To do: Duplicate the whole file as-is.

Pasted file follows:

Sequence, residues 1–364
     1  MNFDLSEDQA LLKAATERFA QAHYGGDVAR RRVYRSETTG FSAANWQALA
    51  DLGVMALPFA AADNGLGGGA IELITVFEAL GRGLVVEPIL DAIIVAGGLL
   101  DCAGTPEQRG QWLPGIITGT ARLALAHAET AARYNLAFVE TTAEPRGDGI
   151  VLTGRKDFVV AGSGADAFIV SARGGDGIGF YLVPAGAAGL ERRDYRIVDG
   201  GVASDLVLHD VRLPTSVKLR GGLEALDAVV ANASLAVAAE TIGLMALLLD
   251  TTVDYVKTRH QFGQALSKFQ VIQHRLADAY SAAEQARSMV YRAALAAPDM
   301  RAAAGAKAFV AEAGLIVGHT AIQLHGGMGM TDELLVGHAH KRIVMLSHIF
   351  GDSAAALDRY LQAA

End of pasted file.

Sequence, residues 1–364
     1  MNFDLSEDQA LLKAATERFA QAHYGGDVAR RRVYRSETTG FSAANWQALA
    51  DLGVMALPFA AADNGLGGGA IELITVFEAL GRGLVVEPIL DAIIVAGGLL
   101  DCAGTPEQRG QWLPGIITGT ARLALAHAET AARYNLAFVE TTAEPRGDGI
   151  VLTGRKDFVV AGSGADAFIV SARGGDGIGF YLVPAGAAGL ERRDYRIVDG
   201  GVASDLVLHD VRLPTSVKLR GGLEALDAVV ANASLAVAAE TIGLMALLLD
   251  TTVDYVKTRH QFGQALSKFQ VIQHRLADAY SAAEQARSMV YRAALAAPDM
   301  RAAAGAKAFV AEAGLIVGHT AIQLHGGMGM TDELLVGHAH KRIVMLSHIF
   351  GDSAAALDRY LQAA